Saturday, December 25, 2010

Role of Auditors in Crisis Gets Look

Via WSJ.
Lynn Turner, a former Securities and Exchange Commission chief accountant, said auditors did perform better after the Sarbanes-Oxley Act, which took effect in 2002. But around 2006, faced with a slowing economy, they "stepped back from that, reversing course, heading back down the same old road they've been on before the corporate scandals."
In addition, a series of court rulings in recent years have made it tougher to hold auditors accountable when their work is flawed. In 2008, for instance, the U.S. Supreme Court restricted the ability of shareholders defrauded by a company to sue third parties such as the company's accountants.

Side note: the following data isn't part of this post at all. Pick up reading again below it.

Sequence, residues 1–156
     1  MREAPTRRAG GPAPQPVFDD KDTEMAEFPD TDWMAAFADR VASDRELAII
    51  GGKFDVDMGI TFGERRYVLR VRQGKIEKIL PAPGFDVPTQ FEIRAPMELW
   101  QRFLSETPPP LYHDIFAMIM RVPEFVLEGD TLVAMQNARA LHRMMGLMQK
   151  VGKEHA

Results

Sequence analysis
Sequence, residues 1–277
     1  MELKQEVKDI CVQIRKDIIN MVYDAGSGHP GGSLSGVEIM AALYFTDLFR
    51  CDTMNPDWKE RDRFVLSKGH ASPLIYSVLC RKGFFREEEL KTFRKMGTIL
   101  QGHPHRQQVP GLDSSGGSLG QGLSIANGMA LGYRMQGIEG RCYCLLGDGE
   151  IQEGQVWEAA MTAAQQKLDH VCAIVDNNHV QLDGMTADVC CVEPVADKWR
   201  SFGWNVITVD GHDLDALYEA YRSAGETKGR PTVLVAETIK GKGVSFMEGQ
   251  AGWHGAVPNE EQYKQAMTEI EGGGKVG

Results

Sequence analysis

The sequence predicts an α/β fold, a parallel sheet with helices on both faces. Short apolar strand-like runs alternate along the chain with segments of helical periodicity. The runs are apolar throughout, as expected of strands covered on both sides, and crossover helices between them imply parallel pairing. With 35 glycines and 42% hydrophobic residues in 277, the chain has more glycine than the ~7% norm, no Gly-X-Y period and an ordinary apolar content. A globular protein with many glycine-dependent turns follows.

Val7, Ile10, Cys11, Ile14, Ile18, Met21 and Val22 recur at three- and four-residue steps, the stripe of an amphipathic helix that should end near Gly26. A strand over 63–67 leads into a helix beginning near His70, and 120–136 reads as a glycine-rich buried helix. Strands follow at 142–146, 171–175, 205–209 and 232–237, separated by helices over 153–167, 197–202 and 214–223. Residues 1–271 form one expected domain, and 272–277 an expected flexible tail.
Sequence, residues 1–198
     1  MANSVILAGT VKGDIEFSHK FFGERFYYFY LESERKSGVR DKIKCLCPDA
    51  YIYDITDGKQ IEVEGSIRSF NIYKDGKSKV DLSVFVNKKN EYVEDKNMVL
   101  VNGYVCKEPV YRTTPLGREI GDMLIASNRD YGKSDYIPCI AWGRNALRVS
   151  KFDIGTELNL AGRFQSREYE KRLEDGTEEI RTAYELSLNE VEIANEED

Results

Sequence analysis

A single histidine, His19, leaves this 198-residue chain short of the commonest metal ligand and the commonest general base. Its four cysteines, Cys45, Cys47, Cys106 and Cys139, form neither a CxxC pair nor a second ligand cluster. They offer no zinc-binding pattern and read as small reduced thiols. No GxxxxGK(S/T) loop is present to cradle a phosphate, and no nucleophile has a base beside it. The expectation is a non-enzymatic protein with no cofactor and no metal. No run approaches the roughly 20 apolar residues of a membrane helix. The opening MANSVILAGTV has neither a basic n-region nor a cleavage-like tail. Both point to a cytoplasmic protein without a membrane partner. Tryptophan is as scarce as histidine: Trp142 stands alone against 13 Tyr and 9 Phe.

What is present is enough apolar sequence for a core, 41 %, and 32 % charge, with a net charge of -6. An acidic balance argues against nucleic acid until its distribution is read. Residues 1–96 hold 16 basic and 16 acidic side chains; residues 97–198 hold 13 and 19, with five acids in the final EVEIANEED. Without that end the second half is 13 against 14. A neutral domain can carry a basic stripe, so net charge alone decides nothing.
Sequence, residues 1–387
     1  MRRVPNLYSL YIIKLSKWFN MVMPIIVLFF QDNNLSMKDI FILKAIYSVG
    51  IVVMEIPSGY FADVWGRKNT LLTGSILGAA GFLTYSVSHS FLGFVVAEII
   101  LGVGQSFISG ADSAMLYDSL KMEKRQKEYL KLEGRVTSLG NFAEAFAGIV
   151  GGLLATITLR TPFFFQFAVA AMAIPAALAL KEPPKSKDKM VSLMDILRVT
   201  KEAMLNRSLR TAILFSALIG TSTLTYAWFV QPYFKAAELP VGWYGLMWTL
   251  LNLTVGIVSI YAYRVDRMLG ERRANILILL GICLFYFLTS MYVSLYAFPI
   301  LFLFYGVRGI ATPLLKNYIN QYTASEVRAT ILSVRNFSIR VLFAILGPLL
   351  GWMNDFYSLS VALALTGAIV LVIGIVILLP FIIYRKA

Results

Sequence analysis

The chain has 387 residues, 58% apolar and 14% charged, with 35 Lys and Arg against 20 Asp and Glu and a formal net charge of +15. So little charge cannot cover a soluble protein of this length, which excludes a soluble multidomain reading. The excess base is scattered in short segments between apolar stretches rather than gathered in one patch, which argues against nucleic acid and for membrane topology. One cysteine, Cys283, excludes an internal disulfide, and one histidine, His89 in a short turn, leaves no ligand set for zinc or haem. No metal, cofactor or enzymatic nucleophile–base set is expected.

Others believe auditors have performed well recently. Michael Young, a lawyer at Willkie Farr & Gallagher specializing in cases involving accounting irregularities, said auditors have actually been pretty tough during the crisis in forcing companies to justify their valuation methods, a move which has resulted in many banks having to write down the value of their assets.
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